From what little I’ve heard, the vetting process for picking the vice presidential candidate appears to be one of the most invasive procedures not involving body cavities. I can understand that. You don’t want to come up with the ideal second banana, only to have subsequent revelations of his, say, inappropriate text messages to minors suck the life out of your campaign.
It’s not just the vice presidential candidates either. I hear that the vetting process has become longer and more elaborate at all levels, as administrations use background checks and security clearance procedures to to eliminate any potential for betrayal, incompetence, and blackmail, as well as to satisfy other less legitimate purposes.
With one big exception: the presidential candidate him/herself.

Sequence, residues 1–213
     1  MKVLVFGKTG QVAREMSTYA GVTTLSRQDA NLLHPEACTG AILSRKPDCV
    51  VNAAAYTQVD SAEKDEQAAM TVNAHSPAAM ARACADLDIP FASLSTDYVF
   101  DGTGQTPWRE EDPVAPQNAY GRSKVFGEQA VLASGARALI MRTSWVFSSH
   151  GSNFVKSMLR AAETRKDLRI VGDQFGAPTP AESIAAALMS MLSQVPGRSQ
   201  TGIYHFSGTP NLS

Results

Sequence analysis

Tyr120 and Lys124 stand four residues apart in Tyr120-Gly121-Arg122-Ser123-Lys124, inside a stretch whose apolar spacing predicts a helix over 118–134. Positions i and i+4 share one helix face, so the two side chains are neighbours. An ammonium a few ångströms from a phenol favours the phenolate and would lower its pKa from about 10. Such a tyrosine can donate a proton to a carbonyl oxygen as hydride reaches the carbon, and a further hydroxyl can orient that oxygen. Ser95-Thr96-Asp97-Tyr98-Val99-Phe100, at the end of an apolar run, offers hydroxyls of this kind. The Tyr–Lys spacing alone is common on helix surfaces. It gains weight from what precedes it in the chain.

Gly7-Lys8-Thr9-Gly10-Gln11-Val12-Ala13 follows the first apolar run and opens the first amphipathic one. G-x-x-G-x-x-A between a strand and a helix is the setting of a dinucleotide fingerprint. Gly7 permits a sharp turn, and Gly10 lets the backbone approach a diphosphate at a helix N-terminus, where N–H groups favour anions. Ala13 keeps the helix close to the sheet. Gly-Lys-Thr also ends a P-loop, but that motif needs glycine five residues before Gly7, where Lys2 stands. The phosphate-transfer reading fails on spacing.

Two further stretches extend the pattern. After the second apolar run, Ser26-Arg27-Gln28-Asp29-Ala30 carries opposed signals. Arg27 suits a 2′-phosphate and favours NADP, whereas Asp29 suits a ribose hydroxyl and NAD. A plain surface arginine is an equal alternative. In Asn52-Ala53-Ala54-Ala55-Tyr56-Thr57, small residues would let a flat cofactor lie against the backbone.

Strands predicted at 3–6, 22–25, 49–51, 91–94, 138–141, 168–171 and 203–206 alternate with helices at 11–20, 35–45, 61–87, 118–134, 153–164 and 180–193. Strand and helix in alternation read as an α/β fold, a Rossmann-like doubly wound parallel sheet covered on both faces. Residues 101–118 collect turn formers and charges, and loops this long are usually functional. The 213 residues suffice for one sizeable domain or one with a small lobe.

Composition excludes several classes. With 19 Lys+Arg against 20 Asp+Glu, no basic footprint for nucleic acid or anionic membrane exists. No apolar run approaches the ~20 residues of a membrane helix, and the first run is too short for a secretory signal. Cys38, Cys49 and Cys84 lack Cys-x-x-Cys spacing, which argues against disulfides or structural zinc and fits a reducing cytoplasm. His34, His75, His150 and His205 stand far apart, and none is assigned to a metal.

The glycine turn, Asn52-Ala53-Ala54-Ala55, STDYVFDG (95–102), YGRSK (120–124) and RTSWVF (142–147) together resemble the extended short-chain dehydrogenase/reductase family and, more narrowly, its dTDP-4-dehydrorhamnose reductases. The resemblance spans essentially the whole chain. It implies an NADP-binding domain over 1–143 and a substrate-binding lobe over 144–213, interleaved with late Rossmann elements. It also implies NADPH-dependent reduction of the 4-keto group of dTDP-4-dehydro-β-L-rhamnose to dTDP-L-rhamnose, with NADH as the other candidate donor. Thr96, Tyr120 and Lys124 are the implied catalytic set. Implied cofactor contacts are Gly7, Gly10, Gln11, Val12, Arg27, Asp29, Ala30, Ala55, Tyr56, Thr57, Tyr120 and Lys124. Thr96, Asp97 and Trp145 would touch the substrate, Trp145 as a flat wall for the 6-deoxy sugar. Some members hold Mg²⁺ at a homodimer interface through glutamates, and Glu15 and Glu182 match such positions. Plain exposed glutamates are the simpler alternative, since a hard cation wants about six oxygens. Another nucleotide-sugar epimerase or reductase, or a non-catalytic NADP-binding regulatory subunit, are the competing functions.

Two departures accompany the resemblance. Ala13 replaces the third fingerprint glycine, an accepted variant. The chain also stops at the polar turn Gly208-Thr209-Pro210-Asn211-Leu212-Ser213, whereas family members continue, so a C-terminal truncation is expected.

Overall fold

The justification for this, is that the presidential candidate has his whole life, his heart and soul, dissected minutely and endlessly by the media, opposition research staff and, these days, the blogosphere. Sooner or later, the wayward reverend or the occasional zipper malfunction is bound to pop up, leaving the public to decide whether or not to give the candidate a pass.
The thing is, though, that once you are a candidate, you can try to spin, dissemble, outright lie your way out of your predicament, and some do succeed. In most jobs, the threshold for dismissal is higher than that for initial rejection, and the presidential candidacy is no different. Try this thought experiment. Imagine Bill Clinton auditioning for the vice presidential candidacy. Do you think for a moment that he would be selected if his personal problems were vetted by the presidential candidate’s team?